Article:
I had a nice tailwind and the day progressed easily, but not without event. After having pedaled over 1900 miles I suffered my first flat tire, and was obliged to repair it against a chilly backdrop of ever-threatening storm clouds, whose occasional streaks of lightning kept me alert. By late afternoon I reached the day’s destination, Bowman ND, only to find that the neighboring state park wouldn’t open for several days. I was relieved, however, to hear the caretaker’s assurance that the Lion’s Club City Park in Bowman welcomed tenters and that it was only a mile ahead.

    The park, a small grassy area sporting His and Hers outhouses, was deserted when I arrived. Slowly I set about the tasks of encampment, erecting the tent and emptying the panniers of the evening’s necessities. By this time I knew the drill well, my movements, automatic. The urgency to be set up before dark, which had once seemed so crucial, had long been replaced by the feeling that accompanies a relaxed but satisfying routine. But by the time the tent and bedding were readied, I began to feel a bit sleepy. And though it was past five, I was not a bit hungry. Still running on pancakes, I guessed.

    I lay in the tent and must have dozed, but only briefly, as it was still light when I was awakened—awakened by a sound coming from just outside the tent. Unzipping the screen, I emerged to find that I was no longer alone. “Well, hello there”, I managed, mounting a show of friendship to balance what must have been a startled look. The stranger made no reply, not one word, and the syrup flowing in my veins suddenly gave way to adrenaline. He did not look especially menacing...it was just that he stood there, motionless and silent, amid the equipment that I’d strewn about the campsite earlier.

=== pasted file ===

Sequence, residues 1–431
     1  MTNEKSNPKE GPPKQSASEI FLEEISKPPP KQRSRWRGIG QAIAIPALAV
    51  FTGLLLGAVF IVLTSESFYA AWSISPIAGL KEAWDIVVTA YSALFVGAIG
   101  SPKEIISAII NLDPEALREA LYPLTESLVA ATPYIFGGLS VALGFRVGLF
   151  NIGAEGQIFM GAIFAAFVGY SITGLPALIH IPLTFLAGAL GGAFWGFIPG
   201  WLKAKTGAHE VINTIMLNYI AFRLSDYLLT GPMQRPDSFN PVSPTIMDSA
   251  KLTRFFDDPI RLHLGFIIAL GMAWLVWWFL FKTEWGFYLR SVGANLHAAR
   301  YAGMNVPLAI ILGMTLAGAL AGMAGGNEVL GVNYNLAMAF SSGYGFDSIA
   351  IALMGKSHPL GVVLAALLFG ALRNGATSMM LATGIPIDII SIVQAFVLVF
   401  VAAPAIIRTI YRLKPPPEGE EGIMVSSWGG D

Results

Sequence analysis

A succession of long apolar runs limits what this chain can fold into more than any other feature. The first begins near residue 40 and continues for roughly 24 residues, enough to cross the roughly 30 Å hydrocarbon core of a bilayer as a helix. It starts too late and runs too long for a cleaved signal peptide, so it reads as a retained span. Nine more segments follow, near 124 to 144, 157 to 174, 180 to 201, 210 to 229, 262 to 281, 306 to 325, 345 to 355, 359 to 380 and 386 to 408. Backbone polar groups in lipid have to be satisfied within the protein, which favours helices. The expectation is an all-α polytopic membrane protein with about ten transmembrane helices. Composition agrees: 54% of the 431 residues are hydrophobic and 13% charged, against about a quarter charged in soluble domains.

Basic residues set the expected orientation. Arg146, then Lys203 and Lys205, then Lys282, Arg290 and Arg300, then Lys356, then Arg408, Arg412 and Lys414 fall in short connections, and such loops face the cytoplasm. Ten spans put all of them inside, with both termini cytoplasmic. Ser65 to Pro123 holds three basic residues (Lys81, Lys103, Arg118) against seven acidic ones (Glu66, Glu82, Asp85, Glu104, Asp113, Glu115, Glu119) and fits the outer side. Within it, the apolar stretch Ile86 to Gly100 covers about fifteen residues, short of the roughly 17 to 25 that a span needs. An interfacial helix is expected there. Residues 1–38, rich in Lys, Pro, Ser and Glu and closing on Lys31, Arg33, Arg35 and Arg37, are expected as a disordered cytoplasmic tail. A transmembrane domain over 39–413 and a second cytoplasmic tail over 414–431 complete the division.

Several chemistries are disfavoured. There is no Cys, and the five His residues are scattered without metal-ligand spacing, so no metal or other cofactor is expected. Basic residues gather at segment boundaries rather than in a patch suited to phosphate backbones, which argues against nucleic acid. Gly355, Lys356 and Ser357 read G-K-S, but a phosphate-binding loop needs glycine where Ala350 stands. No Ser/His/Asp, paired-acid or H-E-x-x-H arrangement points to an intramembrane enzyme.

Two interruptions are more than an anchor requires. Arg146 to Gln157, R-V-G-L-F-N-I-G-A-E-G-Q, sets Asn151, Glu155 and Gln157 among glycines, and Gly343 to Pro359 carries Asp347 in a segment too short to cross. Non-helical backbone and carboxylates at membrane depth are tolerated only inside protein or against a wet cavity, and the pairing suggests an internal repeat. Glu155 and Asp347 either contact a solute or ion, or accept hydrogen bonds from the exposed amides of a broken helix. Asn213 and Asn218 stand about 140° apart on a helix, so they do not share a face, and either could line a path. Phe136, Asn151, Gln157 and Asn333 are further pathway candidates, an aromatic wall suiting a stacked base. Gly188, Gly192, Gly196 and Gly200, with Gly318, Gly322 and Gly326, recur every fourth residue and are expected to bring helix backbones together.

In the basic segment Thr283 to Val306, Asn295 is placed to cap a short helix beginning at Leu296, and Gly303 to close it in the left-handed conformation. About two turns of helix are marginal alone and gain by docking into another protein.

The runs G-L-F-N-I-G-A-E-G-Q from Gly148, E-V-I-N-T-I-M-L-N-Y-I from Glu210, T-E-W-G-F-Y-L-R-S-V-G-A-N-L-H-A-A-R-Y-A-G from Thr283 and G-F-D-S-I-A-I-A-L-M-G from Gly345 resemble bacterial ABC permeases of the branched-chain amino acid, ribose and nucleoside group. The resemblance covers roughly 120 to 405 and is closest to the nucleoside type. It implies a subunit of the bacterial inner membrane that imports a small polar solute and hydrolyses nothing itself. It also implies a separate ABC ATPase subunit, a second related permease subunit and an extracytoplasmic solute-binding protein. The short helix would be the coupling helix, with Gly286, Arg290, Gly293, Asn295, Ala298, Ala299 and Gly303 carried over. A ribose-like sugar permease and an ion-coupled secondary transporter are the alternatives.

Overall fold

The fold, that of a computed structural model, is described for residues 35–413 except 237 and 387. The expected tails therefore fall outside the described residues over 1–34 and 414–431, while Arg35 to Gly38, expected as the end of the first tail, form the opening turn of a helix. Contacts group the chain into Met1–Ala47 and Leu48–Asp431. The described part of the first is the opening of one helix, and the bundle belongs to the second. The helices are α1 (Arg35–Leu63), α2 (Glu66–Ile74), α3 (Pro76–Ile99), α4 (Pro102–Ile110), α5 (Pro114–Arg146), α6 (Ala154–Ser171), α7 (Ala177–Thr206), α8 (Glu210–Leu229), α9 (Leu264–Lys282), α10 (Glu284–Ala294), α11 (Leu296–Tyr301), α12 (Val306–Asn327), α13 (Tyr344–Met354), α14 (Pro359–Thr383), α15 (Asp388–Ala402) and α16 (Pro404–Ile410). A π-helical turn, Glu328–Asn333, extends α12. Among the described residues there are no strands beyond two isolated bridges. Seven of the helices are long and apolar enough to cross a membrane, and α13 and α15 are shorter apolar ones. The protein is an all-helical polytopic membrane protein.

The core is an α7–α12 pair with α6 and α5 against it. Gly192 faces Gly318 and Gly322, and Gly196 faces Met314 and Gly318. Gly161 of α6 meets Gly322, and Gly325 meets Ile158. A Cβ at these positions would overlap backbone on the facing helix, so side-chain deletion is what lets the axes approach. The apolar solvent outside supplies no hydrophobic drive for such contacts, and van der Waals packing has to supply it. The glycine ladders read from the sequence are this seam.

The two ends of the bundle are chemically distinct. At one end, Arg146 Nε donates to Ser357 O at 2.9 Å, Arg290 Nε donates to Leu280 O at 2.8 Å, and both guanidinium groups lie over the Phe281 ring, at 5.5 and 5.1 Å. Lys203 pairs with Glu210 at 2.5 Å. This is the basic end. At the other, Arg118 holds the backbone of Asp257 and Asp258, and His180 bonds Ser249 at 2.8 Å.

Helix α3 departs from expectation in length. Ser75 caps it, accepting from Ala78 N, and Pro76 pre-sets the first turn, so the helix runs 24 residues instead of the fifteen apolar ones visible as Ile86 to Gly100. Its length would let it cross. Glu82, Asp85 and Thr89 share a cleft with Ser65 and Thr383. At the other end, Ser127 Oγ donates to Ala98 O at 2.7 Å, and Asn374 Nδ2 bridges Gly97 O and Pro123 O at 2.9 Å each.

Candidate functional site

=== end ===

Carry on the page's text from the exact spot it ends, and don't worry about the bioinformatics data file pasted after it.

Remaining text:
Mutually scrutinizing, our gazes met and a staring contest began. I blinked. Looking away to survey my belongings, my eyes came to rest on my helmet, in which lay my biking gloves. Instantly, as though reading my mind, he darted in that very direction, snatched the gloves and was off and running. He had every advantage over me: youth, fitness, and the element of surprise, plus the fact that he hadn’t biked 67 miles that day. I didn’t even attempt pursuit, opting instead for a full-blown tantrum, jumping up and down, shaking my fists angrily and bellowing stuff that must have cowed the cattle in the adjacent pasture. It wasn’t as much the gloves as it was the surprise. And what a surprise; after living most of my life in New York state, some of it in the Big Apple, here I was on the outskirts of a town with not enough people to answer the phones in an average skyscraper ... and for the first time in my life, I get mugged!